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CT AG Tong slams Purdue Pharma's proposed bankruptcy settlement

The attorney general says it grants "a lifetime legal shield to the Sackler family."

HARTFORD, Conn. — Connecticut's attorney general has slammed the proposed bankruptcy settlement with Purdue Pharma, saying it grants "a lifetime legal shield to the Sackler family."

William Tong said Wednesday that he plans to appeal the decision alongside other states. 

Earlier Wednesday, a federal bankruptcy judge gave conditional approval to a sweeping, potentially $10 billion plan submitted by OxyContin maker Purdue Pharma to settle a mountain of lawsuits over its role in the opioid crisis that has killed a half-million Americans over the past two decades.

Under the settlement reached with creditors including individual victims and thousands of state and local governments, the Sackler family will give up ownership of the company and contribute $4.5 billion but will be freed from any future lawsuits over opioids.

RELATED: Judge conditionally approves Purdue Pharma opioid settlement

Tong along with some other states plans to appeal the ruling. Washington state Attorney General Bob Ferguson quickly announced he would appeal the plan, calling it inadequate.

Nine states, Washington, D.C., the city of Seattle and the U.S. bankruptcy trustee, which seeks to protect the nation’s bankruptcy system, opposed the settlement, largely because of the protections granted to the Sackler family. At least some of them are expected to appeal.

A lawyer for Purdue Pharma said last week that a judge needs to accept the OxyContin maker's plan to settle thousands of lawsuits over the opioid epidemic or face "years or decades of Hobbesian hell" with complicated litigation that would not result in fair payouts to abate the epidemic or pay individual victims.

The bankruptcy judge, based in White Plains, New York, had urged the holdouts to negotiate an agreement, warning that drawn-out litigation would delay getting settlement money to victims and the programs needed to address the epidemic.

“Our bankruptcy system is broken. Connecticut is prepared to appeal, and we are weighing all viable options to preserve our claims against the Sacklers,” said Tong in a statement. “The Sacklers are not bankrupt, and they should not be allowed to manipulate bankruptcy laws to evade justice and protect their blood money."

He continued: "This decision is a slap in the face to the millions of suffering and grieving Americans who have lost their lives and loved ones due to the Sacklers calculated and craven pursuit of opioid profits. We need bankruptcy reform now to close the non-debtor release loophole to ensure wealthy bad actors cannot misuse our bankruptcy courts."

U.S. Senator Richard Blumenthal issued a statement after the settlement, saying "today’s court decision sanctions the Sacklers’ shameful quest to avoid responsibility for their deliberate, reckless disregard of human life."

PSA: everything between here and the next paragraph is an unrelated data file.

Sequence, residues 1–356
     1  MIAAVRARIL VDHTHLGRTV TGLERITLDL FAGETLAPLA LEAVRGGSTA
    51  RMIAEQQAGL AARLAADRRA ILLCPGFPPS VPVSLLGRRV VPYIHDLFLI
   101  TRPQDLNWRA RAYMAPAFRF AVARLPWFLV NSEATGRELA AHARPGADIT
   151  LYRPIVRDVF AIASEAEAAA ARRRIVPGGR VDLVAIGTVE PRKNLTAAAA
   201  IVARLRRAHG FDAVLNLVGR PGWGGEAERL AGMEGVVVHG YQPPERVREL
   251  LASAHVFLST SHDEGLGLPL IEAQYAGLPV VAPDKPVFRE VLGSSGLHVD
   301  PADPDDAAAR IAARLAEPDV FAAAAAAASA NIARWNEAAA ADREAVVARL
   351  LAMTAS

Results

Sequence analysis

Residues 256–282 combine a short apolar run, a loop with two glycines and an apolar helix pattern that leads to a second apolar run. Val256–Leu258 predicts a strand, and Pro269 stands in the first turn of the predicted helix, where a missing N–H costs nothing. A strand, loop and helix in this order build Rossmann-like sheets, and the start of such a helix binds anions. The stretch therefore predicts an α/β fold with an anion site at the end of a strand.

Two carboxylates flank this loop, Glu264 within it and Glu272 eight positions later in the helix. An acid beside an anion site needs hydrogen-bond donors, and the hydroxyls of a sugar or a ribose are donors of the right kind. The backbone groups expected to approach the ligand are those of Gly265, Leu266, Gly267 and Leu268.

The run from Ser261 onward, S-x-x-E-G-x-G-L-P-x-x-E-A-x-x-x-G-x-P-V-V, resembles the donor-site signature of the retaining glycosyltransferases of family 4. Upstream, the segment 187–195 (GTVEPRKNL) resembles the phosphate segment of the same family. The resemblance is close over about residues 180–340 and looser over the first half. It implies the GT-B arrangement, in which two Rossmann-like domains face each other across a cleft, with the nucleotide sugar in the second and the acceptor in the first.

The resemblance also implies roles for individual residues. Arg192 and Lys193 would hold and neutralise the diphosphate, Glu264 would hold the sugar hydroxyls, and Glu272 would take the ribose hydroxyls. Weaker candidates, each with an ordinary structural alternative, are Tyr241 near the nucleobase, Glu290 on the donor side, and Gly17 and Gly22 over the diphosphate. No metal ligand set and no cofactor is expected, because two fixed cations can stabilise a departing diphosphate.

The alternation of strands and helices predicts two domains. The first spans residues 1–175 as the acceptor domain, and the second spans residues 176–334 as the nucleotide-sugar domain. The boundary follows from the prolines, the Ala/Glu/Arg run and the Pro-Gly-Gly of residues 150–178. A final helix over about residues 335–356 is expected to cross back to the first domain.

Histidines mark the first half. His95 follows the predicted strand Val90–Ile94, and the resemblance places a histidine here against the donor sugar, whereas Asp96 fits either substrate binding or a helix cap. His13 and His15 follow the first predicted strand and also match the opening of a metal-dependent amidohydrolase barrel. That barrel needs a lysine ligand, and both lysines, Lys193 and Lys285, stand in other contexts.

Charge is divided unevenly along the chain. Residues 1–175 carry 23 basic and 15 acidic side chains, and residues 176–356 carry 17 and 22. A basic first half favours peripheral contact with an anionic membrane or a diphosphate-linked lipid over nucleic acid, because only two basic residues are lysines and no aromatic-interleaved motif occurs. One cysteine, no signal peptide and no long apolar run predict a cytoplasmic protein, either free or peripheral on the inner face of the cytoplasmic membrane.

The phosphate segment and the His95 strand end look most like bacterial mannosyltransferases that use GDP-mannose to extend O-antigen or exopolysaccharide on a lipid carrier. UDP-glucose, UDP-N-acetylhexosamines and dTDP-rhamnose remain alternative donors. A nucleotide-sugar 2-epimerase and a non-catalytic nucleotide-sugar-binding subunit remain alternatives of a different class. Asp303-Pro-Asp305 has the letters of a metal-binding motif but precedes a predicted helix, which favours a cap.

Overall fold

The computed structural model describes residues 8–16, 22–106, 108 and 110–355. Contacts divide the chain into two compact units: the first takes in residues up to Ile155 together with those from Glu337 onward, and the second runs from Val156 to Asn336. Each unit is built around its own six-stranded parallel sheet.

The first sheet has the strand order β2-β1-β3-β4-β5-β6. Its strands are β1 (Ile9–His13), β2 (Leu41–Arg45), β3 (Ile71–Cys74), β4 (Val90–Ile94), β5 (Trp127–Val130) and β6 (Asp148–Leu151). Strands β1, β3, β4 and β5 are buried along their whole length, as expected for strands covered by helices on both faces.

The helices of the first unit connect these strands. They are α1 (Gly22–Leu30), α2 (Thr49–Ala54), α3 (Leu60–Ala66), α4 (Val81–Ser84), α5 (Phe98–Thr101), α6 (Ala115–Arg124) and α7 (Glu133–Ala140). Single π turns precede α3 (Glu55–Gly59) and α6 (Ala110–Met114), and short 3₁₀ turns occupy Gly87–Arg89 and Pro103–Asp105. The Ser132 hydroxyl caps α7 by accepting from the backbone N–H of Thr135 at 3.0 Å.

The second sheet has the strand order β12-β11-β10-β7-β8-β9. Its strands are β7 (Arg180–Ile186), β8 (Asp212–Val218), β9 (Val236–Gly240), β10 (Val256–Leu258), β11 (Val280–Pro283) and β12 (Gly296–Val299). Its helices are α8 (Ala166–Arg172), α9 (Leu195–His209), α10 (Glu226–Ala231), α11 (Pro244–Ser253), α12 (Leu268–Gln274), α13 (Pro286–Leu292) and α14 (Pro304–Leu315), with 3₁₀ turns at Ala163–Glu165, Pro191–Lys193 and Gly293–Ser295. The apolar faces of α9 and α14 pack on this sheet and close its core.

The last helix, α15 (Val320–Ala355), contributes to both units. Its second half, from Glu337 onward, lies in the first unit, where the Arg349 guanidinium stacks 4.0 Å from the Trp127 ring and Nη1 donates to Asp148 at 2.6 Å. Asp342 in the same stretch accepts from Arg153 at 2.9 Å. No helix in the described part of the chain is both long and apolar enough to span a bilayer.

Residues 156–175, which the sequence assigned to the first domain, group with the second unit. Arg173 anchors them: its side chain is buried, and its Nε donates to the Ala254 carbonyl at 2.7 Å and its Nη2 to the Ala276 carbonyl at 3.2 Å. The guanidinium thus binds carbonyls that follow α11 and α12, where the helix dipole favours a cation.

He continued: "Hundreds of thousands of American families have been decimated and destroyed because of their greed. Sadly, the court’s interpretation of bankruptcy law has allowed for safe harbor for their ill-gotten riches. This ruling should be an impetus for Congress to enact strong and substantial reforms to the Bankruptcy Code to ensure that future Sacklers cannot follow their immoral example. While Congress works to pass legislation, I urge the U.S. Department of Justice to appeal today’s misguided ruling and demand that the Sacklers be held accountable."

The drugmaker will be reorganized into a new company with a board appointed by public officials and will funnel its profits into government-led efforts to prevent and treat opioid addiction.

RELATED: August 31 declared as Overdose Awareness Day in CT

Also, the settlement sets up a compensation fund that will pay some victims of drug addiction an expected $3,500 to $48,000 each.

U.S. Bankruptcy Judge Robert Drain said Wednesday after speaking from the bench for more than six hours that he would approve the plan as long as two technical changes were made. If so, he said, he will formally enter the decision on Thursday.

He said before his ruling that while he does not have “fondness for the Sacklers or sympathy for them,” collecting money from them through litigation would be complicated.

The settlement comes nearly two years after the Stamford, Connecticut-based company filed for bankruptcy under the weight of some 3,000 lawsuits from states, local governments, Native American tribes, hospitals, unions and other entities. They accuse Purdue Pharma of fueling the crisis by aggressively pushing sales of its best-selling prescription painkiller.

The Sacklers were not given immunity from criminal charges, though there have been no indications they will face any.

State and local governments came to support the plan overwhelmingly, though many did so grudgingly, as did groups representing those harmed by prescription opioids.

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